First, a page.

Emergency Response Drones Meet New Standards

International maneuverability and sensor functionality benchmarks for emergency response vehicles may lead to new tests for pilot and drone proficiency.

Drones can fly into emergency situations where no one could go safely, arriving rapidly in circumstances when time is often of the essence. Searching for a missing person. Hunting down a fugitive. Detecting toxic fumes before sending in rescue workers. Tracking a wildfire’s spread.

Now researchers are developing international standards that can provide comparisons for how well different pilots and drones can perform key tasks expected of first responders.

“You want to have a test that can serve as an objective standard to help quantitatively assess proficiency that you can repeat whenever and wherever you would like,” said robotics research engineer Adam Jacoff, project leader for emergency response robots at the National Institute of Standards and Technology (NIST) in Gaithersburg, Maryland. Jacoff chairs the subcommittee developing standards covering emergency response robots for ASTM International (originally the American Society for Testing and Materials).

“Everyone around the world is going through the same growing pain with drones; there is no standardized training out there—everyone is doing their own thing,” added Andy Oleson, coordinator for the explosive disposal unit at the Halton Regional Police Service in Ontario, Canada. “There is a huge advantage having these standards—you can see where a pilot’s strengths and weaknesses are, see how one team measures up to other teams and evaluate manufacturer claims about whether a system actually does what they say it does.”


Currently, flying a small drone—one weighing less than 55 pounds—requires a remote pilot certificate under the Federal Aviation Administration’s (FAA’s) Small Unmanned Aircraft Systems (UAS) Rule, commonly known as Part 107. This does not require a test of skills, but mostly just involves a written exam to show an understanding of airspace regulations, operating requirements and procedures for safe flying. In a way, this would be similar to giving someone a driver’s license after they passed a written exam but without taking a road test.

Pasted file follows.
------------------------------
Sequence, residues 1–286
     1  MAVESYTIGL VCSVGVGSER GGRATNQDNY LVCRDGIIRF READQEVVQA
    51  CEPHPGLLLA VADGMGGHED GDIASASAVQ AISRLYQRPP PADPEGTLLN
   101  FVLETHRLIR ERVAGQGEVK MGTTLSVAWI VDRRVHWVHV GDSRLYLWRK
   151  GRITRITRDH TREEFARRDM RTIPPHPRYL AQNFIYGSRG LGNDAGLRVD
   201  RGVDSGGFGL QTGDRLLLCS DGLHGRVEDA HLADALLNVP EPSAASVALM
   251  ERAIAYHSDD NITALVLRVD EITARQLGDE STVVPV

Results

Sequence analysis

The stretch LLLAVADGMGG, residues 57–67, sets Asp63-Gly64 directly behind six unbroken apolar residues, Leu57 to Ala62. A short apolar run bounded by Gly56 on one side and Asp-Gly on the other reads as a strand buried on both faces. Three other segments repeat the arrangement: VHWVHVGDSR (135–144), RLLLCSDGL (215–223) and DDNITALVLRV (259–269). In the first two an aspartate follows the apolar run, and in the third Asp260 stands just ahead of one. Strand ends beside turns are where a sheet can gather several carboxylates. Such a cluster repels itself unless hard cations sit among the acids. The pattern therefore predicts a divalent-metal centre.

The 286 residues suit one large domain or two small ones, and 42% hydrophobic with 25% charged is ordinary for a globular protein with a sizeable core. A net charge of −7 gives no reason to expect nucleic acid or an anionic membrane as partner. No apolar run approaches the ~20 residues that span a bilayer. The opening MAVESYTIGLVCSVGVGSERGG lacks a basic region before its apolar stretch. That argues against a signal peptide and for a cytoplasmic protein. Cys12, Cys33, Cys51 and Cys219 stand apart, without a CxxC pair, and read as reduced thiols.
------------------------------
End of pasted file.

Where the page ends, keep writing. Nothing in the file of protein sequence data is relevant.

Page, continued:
“The reason there is no version of Part 107 testing pilot skills is that, until now, there was no accepted quantitative way to assess proficiency,” Jacoff said.

In 2004, Congress tasked the Department of Homeland Security (DHS) to develop standards and certification protocols for emergency-response ground, water and air robots. “There were a number of incidents where people showed up with robots at emergency situations, but it was not clear how to use them properly, what they were capable of,” said Philip Mattson, the standards executive and director of the office of standards at the Department of Homeland Security.

The first 10 years of this work focused mostly on ground robots for bomb disposal and other applications, Jacoff said. The work on standardized test methods for aerial robots began in earnest about three years ago, he explained.


Researchers at the DHS and NIST have developed five basic test methods to examine drone maneuvering (see table) and another five to assess the basic functionality of drone sensor payloads. The aim is for these methods to become international standards with ASTM International.The basic suite of maneuverability test methods

Each test method involves inexpensive components one can find at any hardware store, such as two-by-fours and plywood sheets. Key to each method are white buckets with inscribed rings within them to make their bottoms look a bit like archery targets. These circles provide clear indications for pilots that they are successfully aligned with the bucket.

Detailed drone inspection test with bucket targets